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"wedding"

The ever increasing value of photography

September 10, 2010 | By | No Comments

I just received news from a bride whose wedding I recently photographed that her father just passed away. In sending my condolences, she shared with me that “… Steve, I must tell you, you captured some of the best moments I have with my father on film. I’m forever grateful to you for that.”

When I tell people that I really love what I do, because I am capturing moments that only become more meaningful and valuable over time, I really mean it.

May your dad rest in Peace Shannon.

#9. Move Around.

June 16, 2010 | By | No Comments

Move Around. Crouch and look up. Stand on a ladder & look down. Put your subjects above you. Put them below you. Get real close. Provide your viewers a look, an angle, different than the one they see in everyday life.

Look around at a wedding. 99% of the people with cameras are either standing or sitting, taking their photo with the same view one sees by just standing there.

Move around and suddenly your photos look different, you’re *making* photos.

#8. Shoot Into the Sun.

June 16, 2010 | By | No Comments

If you don’t have off-camera strobes or don’t know how to use them [see #4], turn your subjects’ backs to the sun, shoot in manual mode and expose for your subjects’ faces. Your photos will immediately be better than any point-and-shoot civilian who tries this. Their photos will be dark and underexposed.

Turn your subjects’ backs to the sun.

#5. Get Closer. Get Further Away.

June 16, 2010 | By | No Comments

Seems everybody’s got a camera at weddings nowadays.

One way to make your pictures look different than everybody else’s is to get up real close, and to pull way back.

Use a long lens (200mm) to get in real close.

Get close with a long lens, or by walking right into the action (not advised during the ceremony!) You’ll have captured the feelings of the moment, and your brides will be forever grateful when she looks at your photos.

Get far away - see the moment differently than everyone else.

Use a wide angle lens (like 17mm) to get far away.

Step Outside of the Action. Capture the Big Picture. Get far away to take in the big picture, the cityscape, the landscape, the drive into town, the outside of the reception hall, the whole room.

#4. Invest In Yourself. Take Workshops.

June 16, 2010 | By | No Comments

Invest in Yourself. Take Workshops. All clichés aside, you’re worth it! If the workshop is good, and you put that learning into practice, then you’ll quickly earn back its cost with your next several shoots. If you don’t have $1,000 or $500 to go sit at the feet of someone you consider a master, then you’re not trying hard enough, and you’re not serious about becoming a better photographer. Sell your couch. Sell your TV. Have a yard sale.

If you don’t take workshops because you think you have nothing to learn then you have bigger problems 😉 and you may want to consult a member of the psychology profession 😉 Please note, that last comment is not directed at Joe McNally or his peers 😉

Following are some of the workshops I’ve taken that have moved my photography forward:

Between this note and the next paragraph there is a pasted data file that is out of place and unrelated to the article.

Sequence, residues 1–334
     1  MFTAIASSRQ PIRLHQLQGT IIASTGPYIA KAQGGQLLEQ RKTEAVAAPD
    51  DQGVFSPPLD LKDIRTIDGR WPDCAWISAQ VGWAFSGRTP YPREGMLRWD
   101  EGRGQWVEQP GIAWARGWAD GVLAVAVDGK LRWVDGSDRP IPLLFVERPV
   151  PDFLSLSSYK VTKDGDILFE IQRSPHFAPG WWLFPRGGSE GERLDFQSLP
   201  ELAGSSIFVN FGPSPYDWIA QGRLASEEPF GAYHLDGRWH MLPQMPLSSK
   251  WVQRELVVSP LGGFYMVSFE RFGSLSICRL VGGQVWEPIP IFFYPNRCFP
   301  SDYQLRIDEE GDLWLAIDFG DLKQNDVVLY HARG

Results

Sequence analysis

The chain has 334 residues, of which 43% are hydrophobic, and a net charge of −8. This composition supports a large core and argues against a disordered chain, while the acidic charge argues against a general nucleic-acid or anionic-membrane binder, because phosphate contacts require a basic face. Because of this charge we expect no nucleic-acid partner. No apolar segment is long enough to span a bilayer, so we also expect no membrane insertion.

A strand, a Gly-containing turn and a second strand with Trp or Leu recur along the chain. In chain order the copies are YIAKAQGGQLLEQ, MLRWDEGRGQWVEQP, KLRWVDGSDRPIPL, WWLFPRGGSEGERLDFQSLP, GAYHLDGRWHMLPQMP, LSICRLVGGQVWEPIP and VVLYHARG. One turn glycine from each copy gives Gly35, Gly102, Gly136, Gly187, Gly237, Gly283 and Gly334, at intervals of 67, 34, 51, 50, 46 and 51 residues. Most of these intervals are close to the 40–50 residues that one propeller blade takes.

1. Doug Merriam, Studio Lighting, The Santa Fe Workshops
  2. Joe McNally, Location Lighting with Small Flash, The Santa Fe Workshops
  3. Matthew Jordan Smith, Glamour Portraits, The Santa Fe Workshop
  4. Denis Reggie, 3 Day Wedding Conclave, Atlanta, GA
  5. Nate Kaiser, Shoot Shop, Oceanside, CA

#1. Shoot Ordinary People.

June 15, 2010 | By | No Comments

When starting out in portrait photography, I shot the best looking people I could find, models and aspiring models and other members of that human minority who enjoy being in front of a lens.

It took me a while to realize that my beautiful models were carrying my bad photography.

Models not only look great just standing there, they usually know how to pose themselves and bend this and that without direction.

If you’re like most photographers who shoot weddings and portraits and high school seniors etc., the vast majority of your income will come from photographing normal people. Regular people have no idea how to pose themselves, and about 95% of people are just not comfortable in front of a lens. As a working photographer, it will be your job to get regular people comfortable in front of your lens. It will be your job to bend and pose them in the most flattering ways.

I can hear the purists now saying “well I don’t pose anybody – I’m a pure photo journalist, and I only capture what’s actually happening.” Here’s a bonus inside secret about earning a living as a photographer. People buy the photos in which they look the best. With zero exceptions, the brides who have hired me who tell me that they only care about photojournalism (pj) buy and ooh and ahh and share and make their avatar POSED DRAMATICALLY LIT PORTRAITS.I love pj and I do a great job of it. But, if you want to make your living selling your photography, you must learn how to bend and pose people to look their best.

Better to shoot average, awkward people as you strive to improve your lighting, composition, story-telling, scouting, banter, post-processing. Then when you get a photo that you and everyone else loves, the love you’re feeling is about your photo, and not your model.